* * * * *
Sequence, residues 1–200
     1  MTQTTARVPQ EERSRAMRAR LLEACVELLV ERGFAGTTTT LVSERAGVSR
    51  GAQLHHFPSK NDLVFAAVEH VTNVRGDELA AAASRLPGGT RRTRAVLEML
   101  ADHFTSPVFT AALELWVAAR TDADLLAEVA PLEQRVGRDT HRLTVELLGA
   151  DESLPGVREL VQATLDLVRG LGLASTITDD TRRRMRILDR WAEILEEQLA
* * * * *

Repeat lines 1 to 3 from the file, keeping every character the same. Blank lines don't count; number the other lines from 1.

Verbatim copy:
Sequence, residues 1–200
     1  MTQTTARVPQ EERSRAMRAR LLEACVELLV ERGFAGTTTT LVSERAGVSR
    51  GAQLHHFPSK NDLVFAAVEH VTNVRGDELA AAASRLPGGT RRTRAVLEML